Smoking and Mental Illness


The mental illness estimates presented in this publication may differ from estimates in other publications due to revisions to the mental illness estimation methods in 2013. For more information, see "Revised Estimates of Mental Illness from the National Survey on Drug Use and Health" at http://samhsa.gov/data/default.aspx.


In Brief
  • Use of cigarettes in the past month was more likely among adults with mental illness than among those who did not have mental illness (36.1 vs. 21.4 percent)
  • Among adults with mental illness who had ever smoked daily in their lifetime, two thirds (66.0 percent) smoked in the past 30 days, compared with less than half (47.4 percent) of adults with no mental illness who had ever smoked daily in their lifetime
  • The average number of cigarettes smoked in the past month was higher among adult smokers who had mental illness than among smokers who did not have mental illness (331 vs. 310 cigarettes)

Tobacco use continues to be the leading cause of preventable death in the United States.1,2 Despite increased evidence provided in the 2010 Surgeon General's report that cigarette smoking causes disease and that no level of cigarette use is safe,3 rates of cigarette use among certain groups of Americans remain high. One group with cigarette use that has garnered both increased attention and concern over the past decade is persons with mental illness. Previous research has shown that rates of cigarette use among persons with mental illness have been significantly higher than rates among persons who do not have mental illness.4,5 This report uses data from the 2009 to 2011 National Surveys on Drug Use and Health (NSDUH) to provide up-to-date information on the relationship between smoking and mental illness.

NSDUH asks persons aged 18 or older if they ever smoked part or all of a cigarette. Respondents who had smoked are asked if they smoked in the past 30 days, the average number of cigarettes they used on days they smoked in the past 30 days, and if they ever had smoked daily. NSDUH also asks adult respondents questions about past year psychological symptoms in order to determine if they had any mental illness (AMI) in the past year. AMI among adults aged 18 or older is defined as having had a diagnosable mental, behavioral, or emotional disorder (excluding developmental and substance use disorders) of sufficient duration to meet diagnostic criteria specified within the fourth edition of the Diagnostic and Statistical Manual of Mental Disorders (DSM-IV) during the year prior to the survey interview.6 An estimated 19.9 percent of adults had AMI.

This issue of The NSDUH Report compares past month cigarette use among adults with past year AMI to use among those with no past year mental illness. The report also includes a comparison of the prevalence of smoking cessation among adults with past year AMI with those with no past year mental illness. All findings presented in this report are annual averages based on combined 2009 to 2011 NSDUH data.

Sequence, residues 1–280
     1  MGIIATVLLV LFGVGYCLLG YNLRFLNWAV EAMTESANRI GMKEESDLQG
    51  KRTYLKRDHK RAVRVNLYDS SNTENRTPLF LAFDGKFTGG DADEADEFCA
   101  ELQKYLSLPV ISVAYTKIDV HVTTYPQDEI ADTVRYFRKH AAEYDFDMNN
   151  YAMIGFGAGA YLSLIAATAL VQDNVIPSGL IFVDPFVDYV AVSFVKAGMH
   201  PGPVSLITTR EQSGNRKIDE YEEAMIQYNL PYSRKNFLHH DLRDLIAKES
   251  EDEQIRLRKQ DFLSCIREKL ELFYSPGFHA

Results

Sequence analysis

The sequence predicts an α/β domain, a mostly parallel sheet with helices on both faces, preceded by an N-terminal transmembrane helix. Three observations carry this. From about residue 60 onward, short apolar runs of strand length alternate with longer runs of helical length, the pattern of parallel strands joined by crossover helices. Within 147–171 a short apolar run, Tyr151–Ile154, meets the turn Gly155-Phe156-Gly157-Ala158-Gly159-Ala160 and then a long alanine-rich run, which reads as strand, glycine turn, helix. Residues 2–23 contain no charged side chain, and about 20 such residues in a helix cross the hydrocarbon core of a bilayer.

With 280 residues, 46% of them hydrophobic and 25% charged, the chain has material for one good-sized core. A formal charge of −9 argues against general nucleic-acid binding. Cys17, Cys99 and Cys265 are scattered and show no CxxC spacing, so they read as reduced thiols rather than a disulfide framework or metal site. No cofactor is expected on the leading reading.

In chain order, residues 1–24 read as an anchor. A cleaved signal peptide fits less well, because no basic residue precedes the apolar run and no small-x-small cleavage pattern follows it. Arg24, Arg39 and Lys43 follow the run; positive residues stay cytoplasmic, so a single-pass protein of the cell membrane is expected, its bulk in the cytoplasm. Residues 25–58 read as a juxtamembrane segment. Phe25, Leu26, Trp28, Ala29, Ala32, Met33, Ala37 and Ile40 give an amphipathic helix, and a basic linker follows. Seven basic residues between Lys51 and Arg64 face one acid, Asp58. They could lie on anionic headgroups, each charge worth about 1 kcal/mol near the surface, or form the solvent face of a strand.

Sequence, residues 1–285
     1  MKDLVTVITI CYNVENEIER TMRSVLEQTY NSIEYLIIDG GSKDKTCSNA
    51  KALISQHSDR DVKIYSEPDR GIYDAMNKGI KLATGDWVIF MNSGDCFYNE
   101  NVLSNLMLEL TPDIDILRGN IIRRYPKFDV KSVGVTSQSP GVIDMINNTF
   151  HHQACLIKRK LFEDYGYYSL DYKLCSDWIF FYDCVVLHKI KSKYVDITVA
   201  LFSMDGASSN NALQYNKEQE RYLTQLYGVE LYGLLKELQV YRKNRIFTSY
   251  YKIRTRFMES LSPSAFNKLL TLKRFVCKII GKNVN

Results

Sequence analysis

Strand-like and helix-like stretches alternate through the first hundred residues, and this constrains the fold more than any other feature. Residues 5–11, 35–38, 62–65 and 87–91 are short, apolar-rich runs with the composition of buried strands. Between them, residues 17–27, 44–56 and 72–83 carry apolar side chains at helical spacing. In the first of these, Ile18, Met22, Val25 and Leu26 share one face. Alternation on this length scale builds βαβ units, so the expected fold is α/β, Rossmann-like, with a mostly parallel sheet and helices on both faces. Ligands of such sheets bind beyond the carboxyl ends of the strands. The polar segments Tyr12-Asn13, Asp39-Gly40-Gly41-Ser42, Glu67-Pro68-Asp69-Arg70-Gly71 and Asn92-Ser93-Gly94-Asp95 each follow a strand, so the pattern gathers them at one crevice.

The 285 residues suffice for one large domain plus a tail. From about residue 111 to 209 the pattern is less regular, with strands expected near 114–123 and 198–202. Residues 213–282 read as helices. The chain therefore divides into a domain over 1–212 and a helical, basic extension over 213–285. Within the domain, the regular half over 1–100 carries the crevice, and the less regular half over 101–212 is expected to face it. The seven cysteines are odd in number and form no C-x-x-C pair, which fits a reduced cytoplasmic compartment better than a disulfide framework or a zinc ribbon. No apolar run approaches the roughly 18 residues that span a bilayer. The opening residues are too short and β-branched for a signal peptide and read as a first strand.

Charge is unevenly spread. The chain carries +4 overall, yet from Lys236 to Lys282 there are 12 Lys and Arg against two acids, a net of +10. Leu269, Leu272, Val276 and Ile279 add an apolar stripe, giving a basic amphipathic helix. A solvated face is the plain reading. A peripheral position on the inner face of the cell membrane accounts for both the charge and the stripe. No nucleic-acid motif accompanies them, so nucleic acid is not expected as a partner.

Past Month Cigarette Use by Any Mental Illness

About 1 in 4 adults aged 18 or older (24.3 percent; 55.9 million persons) smoked cigarettes in the month prior to the survey. However, adults with past year AMI were more likely to have smoked than those without mental illness (36.1 vs. 21.4 percent) (Table 1). The association between cigarette use and mental illness was found among both genders and among age groups (Table 1), as well as among age groups within both genders (Figure 1). For example, 45.6 percent of males aged 18 to 25 with AMI smoked in the past month, compared with 36.8 percent of males aged 18 to 25 without mental illness. Among females in this age group, 39.2 percent of those with AMI smoked in the past month, compared with 25.1 percent of those with no mental illness.

Table 1. Cigarette Use among Adults Aged 18 or Older, by Any Mental Illness in the Past Year and Demographic Characteristics: 2009 to 2011
Mental Illness and Smoking Status Total Aged
18 to 25
Aged
26 to 49
Aged 50 or
Older
Male Female
Percentage Who Smoked in the Past Month:
  Any Mental Illness
36.1%* 41.8%* 39.9%* 25.7%* 39.6%* 33.8%*
Percentage Who Smoked in the Past Month:
  No Mental Illness
21.4%   31.4%   25.1%   15.1%   24.4%   18.4%  
Percentage of Lifetime Daily Smokers Who Smoked
  in Last Month: Any Mental Illness
66.0%* 85.9%* 72.2%* 46.8%* 66.5%* 65.7%*
Percentage of Lifetime Daily Smokers Who Smoked
  in Last Month: No Mental Illness
47.4%   82.4%   60.3%   32.2%   46.9%   48.1%  
Number of Cigarettes Smoked in the Past Month:
  Any Mental Illness
331* 202* 351* 441* 347* 320*
Number of Cigarettes Smoked in the Past Month:
  No Mental Illness